Another reason for differentiating the WordPress mobile apps is that the Apple App Store and Google Play naturally focus on in-app purchases because they take a cut of those sales. In the past, Apple rejected the WordPress app because it wanted a 30% cut of non-existent sales in this free app without in-app purchases! To issue updates to the WordPress app, it had to take in some paid features to comply with Apple’s rules. Now the Jetpack app will have the freemium model in the app store while the WordPress app will go back to being free without upselling anything to its users.
The differences and boundaries between WordPress .com and .org have always been difficult to identify.
Clarifying the Boundaries
A large part of the problem for WordPress that Jetpack may help mitigate but can’t address all by itself has been Automattic’s branding and messaging. The differences between the WordPress.com and .org brands have always been indistinct. For example, the “WordPress mobile app” has been (and still is) identified as a “WordPress.com app” at apps.wordpress.com/mobile — but it’s also the .org app. Referring to all instances of WordPress other than .com as “.org” is awkward too, and only WordPress community insiders are likely to be familiar with that term and its meaning.
Fortunately, more consistent naming across Automattic properties is in the works, according to Sean Marier. Sean told me “references to the WordPress app will be updated as part of these changes. It’s worth noting that this may not be immediate but is part of an overall transition plan that the team will be working on in the coming months.”
What about Akismet?
Akismet has long been a standalone, mostly donation-based, virtually unmonetized plugin and a part of Jetpack, as well as fresh WordPress installs. It’s not going anywhere amid all these other changes to the mobile apps. Akismet will remain everywhere, and based on current hiring at Automattic for a Director of Product Marketing for Jetpack, it looks like Akismet will have a place alongside Jetpack, WPScan, and VideoPress as mid-market products. We can expect to see them introduced with a new pricing structure in the near future.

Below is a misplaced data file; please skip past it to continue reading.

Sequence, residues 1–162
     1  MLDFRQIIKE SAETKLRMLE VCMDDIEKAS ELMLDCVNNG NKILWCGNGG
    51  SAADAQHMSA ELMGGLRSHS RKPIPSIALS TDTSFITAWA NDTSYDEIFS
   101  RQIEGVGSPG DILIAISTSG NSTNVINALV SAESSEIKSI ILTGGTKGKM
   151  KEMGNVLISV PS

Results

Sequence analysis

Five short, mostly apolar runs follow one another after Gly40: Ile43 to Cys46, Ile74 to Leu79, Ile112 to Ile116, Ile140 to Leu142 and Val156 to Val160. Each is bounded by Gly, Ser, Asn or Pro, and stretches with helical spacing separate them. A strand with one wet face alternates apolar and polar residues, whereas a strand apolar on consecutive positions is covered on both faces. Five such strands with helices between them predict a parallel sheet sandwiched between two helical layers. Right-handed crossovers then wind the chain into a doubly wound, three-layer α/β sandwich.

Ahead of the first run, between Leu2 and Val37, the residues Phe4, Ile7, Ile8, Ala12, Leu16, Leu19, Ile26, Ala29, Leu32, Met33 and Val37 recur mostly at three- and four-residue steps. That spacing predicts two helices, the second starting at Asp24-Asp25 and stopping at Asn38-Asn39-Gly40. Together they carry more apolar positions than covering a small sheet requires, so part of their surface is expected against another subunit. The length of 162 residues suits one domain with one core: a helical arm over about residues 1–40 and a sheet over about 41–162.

I asked the team rolling out all these changes to the mobile apps how they hope Jetpack will be viewed by WordPress users who have looked at it with suspicion because of the blurred boundaries. Their answer:
“We’d like this change to help make those boundaries clear going forward. Jetpack powers WordPress.com as well as millions of self-hosted sites. For people that use Jetpack on a self-hosted site or via a WordPress.com site, the Jetpack app will be the best experience.”
Automattic’s Jetpack.com team via Chenda Ngak, head of communications for WordPress.com
These changes to the WordPress and jetpack mobile apps definitely take big steps in the direction of better boundaries where the community and commercial editions of WordPress are clearly delineated. It’s important this is happening with a focus on decentralization, core contributors, and the unique ways SaaS and self-hosted WordPress can work together to mutual benefit, as I wrote a few weeks ago.
In an increasingly competitive market, WordPress can uniquely embrace the strengths of an open platform, taking form as either a SaaS or self-hosted platform — or a mix of both.
Jetpack is available now as an all-in-one plugin or an à la carte mix of freemium add-ons that allow any WordPress site to leverage WordPress.com’s services and infrastructure. That’s quite a step forward by going back to the product’s original promise. Given sufficient clarity on the boundaries between the free .org community code and freemium .com features, this might be a good and needed model for others. In an increasingly competitive market, WordPress can uniquely embrace the strengths of an open platform, taking form as either a SaaS or self-hosted platform — or a mix of both.
What are your thoughts and questions? Leave a comment.
Can the WordPress and Jetpack mobile apps help clarify the boundaries of the WordPress .org and .com brands and services — and improve the WordPress community’s view of Jetpack?